U.S. regulators, the Financial Industry Regulatory Authority (FINRA) and the U.S. Commodity Futures Trading Commission (CFTC) are increasingly introducing initiatives to help bridge the gap between the securities industry and the regulators, specifically in regards to the increasing use of financial technology (fintech). Regulators, such as the Securities and Exchange Commission, have had trouble regulating fintech, specifically the use of bitcoin and blockchain technology. As we have discussed in previous blogs it is difficult for them to regulate technology that by nature is unregulated. For instance, in regards to bitcoin, traditional currencies are regulated by governments (which can be seen in instances of inflation), yet bitcoin is decentralized and not regulated by any type of entity or government. Governments and regulators face huge hurdles in attempting to regulate what is known as the ‘dark economy’ and other areas of fintech. Therefore, it is significant that regulators are collaborating with the securities industry to implement regulations that mirror and do not inhibit new technology while still maintaining a fair and efficient market for investors.
The CFTC have initiated LabCFTC with the goal to “promote responsible FinTech innovation and fair competition for the benefit of the American public.” From cryptocurrencies to cloud computing, the CFTC aims to implement forward thinking regulations that coincide with “today’s digital markets.” This includes collaborating with the fintech industry to promote the use of technology and monitor trends. The benefits of implementing new technology in CFTC markets domestically and overseas will create a more efficient market for investors. However, the CFTC does recognize the challenges that come along with new technology, including any potential security threats.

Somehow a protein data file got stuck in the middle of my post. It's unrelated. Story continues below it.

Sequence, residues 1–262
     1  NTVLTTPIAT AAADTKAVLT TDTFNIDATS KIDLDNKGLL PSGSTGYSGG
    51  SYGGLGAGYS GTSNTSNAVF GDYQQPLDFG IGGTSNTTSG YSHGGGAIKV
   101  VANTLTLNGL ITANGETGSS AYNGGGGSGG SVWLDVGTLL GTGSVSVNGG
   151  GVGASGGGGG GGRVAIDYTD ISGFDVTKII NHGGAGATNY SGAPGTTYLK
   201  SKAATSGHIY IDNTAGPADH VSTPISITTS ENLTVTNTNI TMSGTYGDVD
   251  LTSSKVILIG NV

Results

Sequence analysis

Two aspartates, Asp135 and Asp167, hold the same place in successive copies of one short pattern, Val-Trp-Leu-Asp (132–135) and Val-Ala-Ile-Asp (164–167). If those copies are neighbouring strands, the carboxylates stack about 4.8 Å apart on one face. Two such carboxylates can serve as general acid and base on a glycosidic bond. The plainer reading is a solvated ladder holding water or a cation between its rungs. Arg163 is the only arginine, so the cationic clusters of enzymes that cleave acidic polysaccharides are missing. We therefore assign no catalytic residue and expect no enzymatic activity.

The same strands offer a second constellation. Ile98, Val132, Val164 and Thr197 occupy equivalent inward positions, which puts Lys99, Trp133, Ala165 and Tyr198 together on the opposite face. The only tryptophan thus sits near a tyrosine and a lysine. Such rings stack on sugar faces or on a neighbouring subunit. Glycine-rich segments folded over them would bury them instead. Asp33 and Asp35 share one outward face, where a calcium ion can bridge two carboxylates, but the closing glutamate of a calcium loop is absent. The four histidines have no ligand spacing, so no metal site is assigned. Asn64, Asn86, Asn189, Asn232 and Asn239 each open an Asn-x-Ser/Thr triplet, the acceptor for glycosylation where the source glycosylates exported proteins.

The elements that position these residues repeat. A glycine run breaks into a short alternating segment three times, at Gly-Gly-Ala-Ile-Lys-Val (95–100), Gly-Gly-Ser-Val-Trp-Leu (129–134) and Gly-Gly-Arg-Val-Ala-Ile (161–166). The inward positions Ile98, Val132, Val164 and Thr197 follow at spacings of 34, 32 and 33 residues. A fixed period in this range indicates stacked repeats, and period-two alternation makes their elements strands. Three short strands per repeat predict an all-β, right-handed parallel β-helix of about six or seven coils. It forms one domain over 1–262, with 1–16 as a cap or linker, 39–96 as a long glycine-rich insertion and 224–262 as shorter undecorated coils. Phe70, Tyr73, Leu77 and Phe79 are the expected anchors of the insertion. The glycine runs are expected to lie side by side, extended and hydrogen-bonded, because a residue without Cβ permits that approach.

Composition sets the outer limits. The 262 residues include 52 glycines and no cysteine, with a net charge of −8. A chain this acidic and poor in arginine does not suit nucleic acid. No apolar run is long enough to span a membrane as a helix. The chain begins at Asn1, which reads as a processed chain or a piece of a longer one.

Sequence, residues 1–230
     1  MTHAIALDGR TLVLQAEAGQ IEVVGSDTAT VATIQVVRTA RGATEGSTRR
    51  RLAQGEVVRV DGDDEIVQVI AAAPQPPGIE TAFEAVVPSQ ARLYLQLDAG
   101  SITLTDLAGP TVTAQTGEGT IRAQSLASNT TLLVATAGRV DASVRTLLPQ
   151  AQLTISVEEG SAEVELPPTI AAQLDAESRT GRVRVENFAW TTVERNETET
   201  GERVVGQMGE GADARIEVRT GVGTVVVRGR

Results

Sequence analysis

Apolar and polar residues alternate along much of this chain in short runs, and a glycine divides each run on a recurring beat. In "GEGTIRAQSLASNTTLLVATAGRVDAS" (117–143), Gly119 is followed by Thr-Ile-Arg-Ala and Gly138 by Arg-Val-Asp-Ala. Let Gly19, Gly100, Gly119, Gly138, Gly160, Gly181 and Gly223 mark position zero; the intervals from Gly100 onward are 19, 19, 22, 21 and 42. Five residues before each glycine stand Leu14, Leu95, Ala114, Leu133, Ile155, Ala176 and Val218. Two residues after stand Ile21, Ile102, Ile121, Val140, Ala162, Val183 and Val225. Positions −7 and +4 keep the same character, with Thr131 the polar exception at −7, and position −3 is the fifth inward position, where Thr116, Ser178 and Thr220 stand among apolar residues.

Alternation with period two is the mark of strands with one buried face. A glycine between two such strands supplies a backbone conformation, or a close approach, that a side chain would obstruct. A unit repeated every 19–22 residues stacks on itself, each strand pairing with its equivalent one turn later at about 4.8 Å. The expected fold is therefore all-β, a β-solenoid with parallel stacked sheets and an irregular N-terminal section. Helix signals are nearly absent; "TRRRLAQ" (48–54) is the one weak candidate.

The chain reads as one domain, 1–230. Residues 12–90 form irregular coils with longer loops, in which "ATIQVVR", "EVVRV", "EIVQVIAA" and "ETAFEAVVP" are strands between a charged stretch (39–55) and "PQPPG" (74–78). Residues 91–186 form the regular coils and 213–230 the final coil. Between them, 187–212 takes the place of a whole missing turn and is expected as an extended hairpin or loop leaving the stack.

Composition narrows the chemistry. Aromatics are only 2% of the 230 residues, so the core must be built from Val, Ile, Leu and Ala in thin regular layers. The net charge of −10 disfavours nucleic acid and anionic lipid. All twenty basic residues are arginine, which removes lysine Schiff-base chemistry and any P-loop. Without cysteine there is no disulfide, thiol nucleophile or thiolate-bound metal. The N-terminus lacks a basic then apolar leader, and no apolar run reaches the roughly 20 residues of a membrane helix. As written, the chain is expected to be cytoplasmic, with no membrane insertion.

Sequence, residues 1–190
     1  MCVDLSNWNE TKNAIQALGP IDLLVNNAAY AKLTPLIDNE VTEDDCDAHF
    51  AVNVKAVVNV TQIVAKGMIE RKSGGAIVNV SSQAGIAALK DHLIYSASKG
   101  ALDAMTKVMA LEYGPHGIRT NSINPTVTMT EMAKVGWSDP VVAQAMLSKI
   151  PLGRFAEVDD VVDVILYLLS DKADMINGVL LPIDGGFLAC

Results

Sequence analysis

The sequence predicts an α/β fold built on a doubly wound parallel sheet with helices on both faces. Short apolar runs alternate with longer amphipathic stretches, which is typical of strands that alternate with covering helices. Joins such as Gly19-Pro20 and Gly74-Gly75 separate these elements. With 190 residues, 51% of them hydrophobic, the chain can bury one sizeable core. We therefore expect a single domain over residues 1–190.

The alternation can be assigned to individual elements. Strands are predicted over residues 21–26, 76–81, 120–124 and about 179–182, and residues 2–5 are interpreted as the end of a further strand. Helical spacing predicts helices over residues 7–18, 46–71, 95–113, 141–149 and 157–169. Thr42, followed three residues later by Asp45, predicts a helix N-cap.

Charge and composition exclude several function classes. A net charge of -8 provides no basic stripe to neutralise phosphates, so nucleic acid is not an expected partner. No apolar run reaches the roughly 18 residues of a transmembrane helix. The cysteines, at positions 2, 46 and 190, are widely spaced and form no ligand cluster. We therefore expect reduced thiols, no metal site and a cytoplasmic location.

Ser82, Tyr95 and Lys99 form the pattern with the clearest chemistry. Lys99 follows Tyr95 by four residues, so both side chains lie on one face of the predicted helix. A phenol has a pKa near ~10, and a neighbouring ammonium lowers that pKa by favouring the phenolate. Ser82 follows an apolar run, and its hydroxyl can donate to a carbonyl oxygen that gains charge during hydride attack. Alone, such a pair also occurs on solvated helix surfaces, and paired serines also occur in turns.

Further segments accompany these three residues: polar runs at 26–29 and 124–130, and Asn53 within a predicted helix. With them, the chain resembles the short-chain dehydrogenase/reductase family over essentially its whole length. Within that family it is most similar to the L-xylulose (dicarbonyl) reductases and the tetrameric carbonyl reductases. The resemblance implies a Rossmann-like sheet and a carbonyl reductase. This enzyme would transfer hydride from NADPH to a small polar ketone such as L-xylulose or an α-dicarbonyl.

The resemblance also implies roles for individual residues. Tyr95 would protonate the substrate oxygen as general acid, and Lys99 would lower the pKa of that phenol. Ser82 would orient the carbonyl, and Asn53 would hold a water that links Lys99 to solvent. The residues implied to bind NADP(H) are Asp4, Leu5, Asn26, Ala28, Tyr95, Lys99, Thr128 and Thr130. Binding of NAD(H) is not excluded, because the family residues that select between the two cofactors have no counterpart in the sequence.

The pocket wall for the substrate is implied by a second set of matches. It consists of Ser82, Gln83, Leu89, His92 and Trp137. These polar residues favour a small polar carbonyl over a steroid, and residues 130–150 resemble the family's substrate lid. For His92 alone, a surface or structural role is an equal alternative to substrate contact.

In June, FINRA launched the Innovation Outreach Initiative “to foster an ongoing dialogue with the securities industry that will help FINRA better understand … fintech … innovations and their impact on the industry.” Robert W. Cook, FINRA President and CEO, highlighted the importance of the Initiative in helping FINRA gain a better understanding of fintech innovations in order to safeguard the market and investors, but also be flexible towards an evolving industry. FINRA has even launched a FinTech webpage on their website which discusses fintech’s impact on broker-dealers, investors, and financial institutions, along with any regulations. FINRA established a team run by the Office of Emerging Regulatory Issues who gather fintech intelligence, ensure FINRA rules and programs are compatible with the evolving nature of the fintech and securities industry, and work with regulators domestically and overseas.
Yesterday, July 13, 2017, FINRA hosted the Blockchain Symposium in New York to give regulators and industry leaders the opportunity to collaborate and examine the use of blockchain technology, current and future regulations, and the implementation of Distributed Ledger Technology (DLT) applications. Regulatory and industry leaders such as Robert Cook, Ryan VanGrack from the SEC, Jennifer Peve from the Depository Trust & Clearing Corporation, and James O’Neill of Fidelity Investments were featured speakers at the symposium. The key to these agencies regulating the changing securities and fintech industry is through open communication with industry leaders. The growth of technology has been miles ahead of the regulations. The collaboration and joint efforts from regulators, and the securities and fintech industry will create greater efficiency in the market without being unduly hindered by any draconian regulations.